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Help Wanted: A Climate Czar For LA

DEEGAN ON LA-Ella Fitzgerald had it right when she belted out Too Darn Hot,” the song written by Cole Porter for his musical,Kiss Me, Kate in 1948.

She was bemoaning that it was too hot for loving. Today, those lyrics could mean it’s too darn hot for living -- that, with rising temperatures and melting ice caps, we are feeling and seeing more and more of the impacts of climate change. 

What to do about it? Get some help! Following a City Council vote on a recent motion, a call is going out for a Los AngelesClimate Czar,” officially described as a Climate Emergency Mobilization Director” to run the  newly established Climate Emergency Mobilization Department at City Hall. 

Included in the new program is a Climate Emergency Commission to help shape the City's climate emergency mobilization implementation plan. 

It will include representatives of the Gabrielino-Tongva, Fernandeho-Tataviam, and Chumash, all local tribes of indigenous peoples. These frontline and fence-line communities are among the most impacted by toxic pollution and the climate crisis. 

Los Angeles is joining other cities and nations in recognizing the need for Environmental Justicedefined by the United Nations, as justice based on inclusive and sustainable use of natural resources and the environment…creating strategies emerging across regions (Asia-Pacific, Arab States, Africa, and Latin America and Caribbean), including the integration of environmental principles in constitutions, as well as in national laws and regulations. 

Viewed globally, the UN uses several examples that hit home about the dangers of global warming to indigenous peoplesthat are among the first to face the direct consequences of climate change, due to their dependence upon, and close relationship, with the environment and its resources. 

Some of their examples are: 

Indigenous peoples in Africa’s Kalahari Desert face rising temperatures, dune expansion and increased wind speeds which have resulted in a loss of vegetation, and negatively impacted traditional cattle and goat farming practices.
 
In the high-altitude regions of the Himalayas, glacial melts affecting hundreds of millions of rural dwellers who depend on the seasonal flow of water is resulting in more water in the short term, but less in the long run as glaciers and snow cover shrink.
 
In the Amazon, the effects of climate change include deforestation and forest fragmentation and consequently, more carbon being released into the atmosphere.
 
Indigenous peoples in the Arctic region depend on hunting for polar bears, walrus, seals and caribou for food security. Disappearing icecaps reduce the native habitat.
 
In the Nordic countries of Finland, Norway and Sweden, rain and mild weather during the winter season often prevents reindeer from accessing lichen, which is a vital food source.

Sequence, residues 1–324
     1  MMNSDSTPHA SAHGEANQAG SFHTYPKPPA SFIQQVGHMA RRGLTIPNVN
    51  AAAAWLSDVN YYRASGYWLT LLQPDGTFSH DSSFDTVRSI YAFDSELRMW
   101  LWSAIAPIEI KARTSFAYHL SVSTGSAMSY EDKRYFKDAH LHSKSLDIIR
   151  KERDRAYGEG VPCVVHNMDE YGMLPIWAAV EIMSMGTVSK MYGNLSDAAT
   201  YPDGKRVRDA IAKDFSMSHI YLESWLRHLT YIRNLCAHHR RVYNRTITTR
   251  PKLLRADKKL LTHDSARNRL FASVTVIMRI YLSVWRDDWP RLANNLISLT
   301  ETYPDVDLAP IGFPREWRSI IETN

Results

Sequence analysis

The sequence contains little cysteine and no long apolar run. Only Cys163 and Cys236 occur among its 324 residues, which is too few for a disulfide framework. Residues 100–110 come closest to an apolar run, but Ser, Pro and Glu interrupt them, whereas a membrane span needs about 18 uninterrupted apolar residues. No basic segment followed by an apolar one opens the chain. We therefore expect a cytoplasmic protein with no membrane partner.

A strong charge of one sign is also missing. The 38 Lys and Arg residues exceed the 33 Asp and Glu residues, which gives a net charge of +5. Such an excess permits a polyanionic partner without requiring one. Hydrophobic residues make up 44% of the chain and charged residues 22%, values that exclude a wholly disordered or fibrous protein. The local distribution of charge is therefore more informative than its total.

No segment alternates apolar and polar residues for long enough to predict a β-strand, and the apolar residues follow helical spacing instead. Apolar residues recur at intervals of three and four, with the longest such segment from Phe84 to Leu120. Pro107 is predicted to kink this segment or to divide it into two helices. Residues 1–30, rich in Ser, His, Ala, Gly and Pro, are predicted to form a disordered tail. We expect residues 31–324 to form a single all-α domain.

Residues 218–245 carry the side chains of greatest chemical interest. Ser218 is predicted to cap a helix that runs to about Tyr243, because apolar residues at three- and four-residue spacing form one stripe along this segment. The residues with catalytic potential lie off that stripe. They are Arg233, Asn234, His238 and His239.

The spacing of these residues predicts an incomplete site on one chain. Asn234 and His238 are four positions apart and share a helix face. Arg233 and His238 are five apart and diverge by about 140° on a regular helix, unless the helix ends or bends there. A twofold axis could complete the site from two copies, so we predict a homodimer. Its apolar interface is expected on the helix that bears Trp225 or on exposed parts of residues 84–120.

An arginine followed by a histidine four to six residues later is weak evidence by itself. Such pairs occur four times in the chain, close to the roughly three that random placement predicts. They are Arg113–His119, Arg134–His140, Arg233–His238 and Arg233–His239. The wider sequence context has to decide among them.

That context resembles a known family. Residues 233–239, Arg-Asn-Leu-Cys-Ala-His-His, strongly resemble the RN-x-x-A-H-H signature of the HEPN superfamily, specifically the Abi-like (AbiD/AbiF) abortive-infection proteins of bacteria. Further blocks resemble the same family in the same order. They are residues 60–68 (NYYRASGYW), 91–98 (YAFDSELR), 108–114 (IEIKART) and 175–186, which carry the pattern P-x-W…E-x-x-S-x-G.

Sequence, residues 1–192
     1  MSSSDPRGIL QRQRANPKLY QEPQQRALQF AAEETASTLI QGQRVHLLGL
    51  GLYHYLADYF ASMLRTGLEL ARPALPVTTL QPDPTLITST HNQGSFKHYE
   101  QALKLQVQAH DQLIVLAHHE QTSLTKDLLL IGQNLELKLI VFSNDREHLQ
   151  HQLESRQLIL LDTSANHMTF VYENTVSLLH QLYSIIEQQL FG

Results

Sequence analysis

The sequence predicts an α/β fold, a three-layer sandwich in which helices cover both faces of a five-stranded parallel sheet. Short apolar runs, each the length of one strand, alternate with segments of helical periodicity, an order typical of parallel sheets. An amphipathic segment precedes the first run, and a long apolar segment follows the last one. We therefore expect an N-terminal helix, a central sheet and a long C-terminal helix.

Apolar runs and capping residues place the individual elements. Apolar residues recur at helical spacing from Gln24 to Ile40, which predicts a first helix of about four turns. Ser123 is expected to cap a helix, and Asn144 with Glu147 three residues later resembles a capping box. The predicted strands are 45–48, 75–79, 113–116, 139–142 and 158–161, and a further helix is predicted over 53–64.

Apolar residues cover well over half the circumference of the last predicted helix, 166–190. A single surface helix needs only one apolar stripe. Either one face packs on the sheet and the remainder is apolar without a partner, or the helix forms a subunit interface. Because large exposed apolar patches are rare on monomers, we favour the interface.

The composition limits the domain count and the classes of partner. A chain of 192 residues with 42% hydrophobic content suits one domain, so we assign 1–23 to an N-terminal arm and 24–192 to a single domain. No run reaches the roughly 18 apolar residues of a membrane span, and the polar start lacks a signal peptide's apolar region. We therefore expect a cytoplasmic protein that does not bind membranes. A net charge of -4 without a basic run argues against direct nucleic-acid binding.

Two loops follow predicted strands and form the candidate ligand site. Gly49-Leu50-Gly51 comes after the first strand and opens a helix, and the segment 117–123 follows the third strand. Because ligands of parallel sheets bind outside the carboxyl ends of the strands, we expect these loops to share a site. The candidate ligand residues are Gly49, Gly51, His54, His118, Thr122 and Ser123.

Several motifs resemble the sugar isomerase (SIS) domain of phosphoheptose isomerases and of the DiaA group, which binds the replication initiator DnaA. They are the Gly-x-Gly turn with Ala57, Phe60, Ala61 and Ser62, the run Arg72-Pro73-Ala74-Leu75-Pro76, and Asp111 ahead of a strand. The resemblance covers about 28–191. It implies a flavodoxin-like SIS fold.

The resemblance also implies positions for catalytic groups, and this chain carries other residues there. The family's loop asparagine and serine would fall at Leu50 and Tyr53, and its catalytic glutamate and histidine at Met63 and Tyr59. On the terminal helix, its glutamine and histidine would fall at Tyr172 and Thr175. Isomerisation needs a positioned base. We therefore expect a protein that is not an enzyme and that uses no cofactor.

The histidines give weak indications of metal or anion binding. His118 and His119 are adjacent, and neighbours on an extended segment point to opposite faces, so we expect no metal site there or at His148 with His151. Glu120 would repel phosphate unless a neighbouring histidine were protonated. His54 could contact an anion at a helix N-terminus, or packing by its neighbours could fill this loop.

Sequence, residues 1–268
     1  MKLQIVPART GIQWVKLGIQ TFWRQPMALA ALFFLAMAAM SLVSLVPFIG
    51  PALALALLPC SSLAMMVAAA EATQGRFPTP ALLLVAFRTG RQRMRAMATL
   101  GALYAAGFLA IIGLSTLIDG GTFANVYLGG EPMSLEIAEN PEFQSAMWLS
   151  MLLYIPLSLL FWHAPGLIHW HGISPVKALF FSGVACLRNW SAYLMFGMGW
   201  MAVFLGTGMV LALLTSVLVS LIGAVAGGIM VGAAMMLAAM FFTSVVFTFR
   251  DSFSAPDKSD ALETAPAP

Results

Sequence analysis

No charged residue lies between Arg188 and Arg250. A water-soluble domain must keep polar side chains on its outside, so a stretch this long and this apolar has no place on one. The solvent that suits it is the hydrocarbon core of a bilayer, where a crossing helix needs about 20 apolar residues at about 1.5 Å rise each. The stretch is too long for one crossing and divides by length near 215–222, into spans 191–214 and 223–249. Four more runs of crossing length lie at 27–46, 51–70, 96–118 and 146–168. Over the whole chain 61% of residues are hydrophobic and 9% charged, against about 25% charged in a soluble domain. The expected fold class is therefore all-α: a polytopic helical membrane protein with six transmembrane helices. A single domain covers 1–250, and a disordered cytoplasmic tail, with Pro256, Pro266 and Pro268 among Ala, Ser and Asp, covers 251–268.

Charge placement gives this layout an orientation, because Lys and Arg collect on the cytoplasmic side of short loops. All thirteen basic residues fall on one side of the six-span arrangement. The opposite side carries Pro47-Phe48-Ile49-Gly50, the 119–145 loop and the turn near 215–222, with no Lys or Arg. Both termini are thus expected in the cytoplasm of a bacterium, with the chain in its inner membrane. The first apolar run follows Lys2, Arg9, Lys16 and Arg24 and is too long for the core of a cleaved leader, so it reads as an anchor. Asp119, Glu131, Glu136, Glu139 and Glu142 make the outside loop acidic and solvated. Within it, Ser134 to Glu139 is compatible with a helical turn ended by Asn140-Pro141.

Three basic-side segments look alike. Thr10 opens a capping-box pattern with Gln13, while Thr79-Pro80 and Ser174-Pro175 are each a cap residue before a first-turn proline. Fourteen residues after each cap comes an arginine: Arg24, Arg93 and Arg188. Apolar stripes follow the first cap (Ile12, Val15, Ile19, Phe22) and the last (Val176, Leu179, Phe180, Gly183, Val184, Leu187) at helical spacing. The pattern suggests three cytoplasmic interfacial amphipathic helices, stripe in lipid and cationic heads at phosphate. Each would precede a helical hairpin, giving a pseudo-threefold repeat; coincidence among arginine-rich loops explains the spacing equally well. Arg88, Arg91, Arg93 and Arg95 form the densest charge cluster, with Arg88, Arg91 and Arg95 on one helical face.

If you think it can’t happen here” and that these are extreme examples, you’re wrong. The UN Climate Change Panel Report that was released in October 2018 stated that the planet has less than 12 years to drastically reduce its greenhouse gas (GHGs) or overshoot an already-problematic 1.5° C of global warming. 

Led by Councilmember Paul Koretz (CD5) and the Leap LA Coalition, the Los Angeles City Council took the historic step of creating the new Climate Emergency Mobilization Department to fight both climate change and toxic neighborhood pollution. It also made some environmental justice history by institutionalizing the first Office of Climate Emergency Mobilization (CEMO) in any municipality in the world.   

The CEMO will be tasked with creating a Climate Emergency Mobilization implementation plan designed to drastically reduce the City's greenhouse gas (GHG) and toxic pollution emissions at the speed and scale necessary to protect a safe climate via a large-scale citywide mobilization across all sectors and all neighborhoods in the city of nearly 4 million. The motion to create the CEMO was co-authored by Councilmembers Paul Koretz and Bob Blumenfield (CD3) and informed by the Leap LA Coalition.  

In Los Angeles this could mean an example of providing environmental justice for affected populations that Darryl Molina Sarmiento, Executive Director, Communities for a Better Environment, says live near the fossil fuel infrastructure from the pipelines that transport crude oil to Wilmington refineries to the oil drill sites located next to homes, schools, churches, daycares, and hospitals. 

There’s lots of positive action to look forward to; potentially this new Climate Czar position and department could become a building block for a future Green New Deal, as Los Angeles shows leadership in a vital area of international concern: global warming. 

Can we hope that, in the UN’s 12 year window to drastically reduce GHGs, we will be replacing Ella’s “Too Darn Hot” with Frank Loessers 1944 tune, Baby It’s Cold Outside”? 

(Tim Deegan is a civic activist whose DEEGAN ON LA weekly column about city planning, new urbanism, the environment, and the homeless appear in CityWatch. Tim can be reached at timdeegan2015@gmail.com.) Photo: National Weather Service. Edited for CityWatch by Linda Abrams.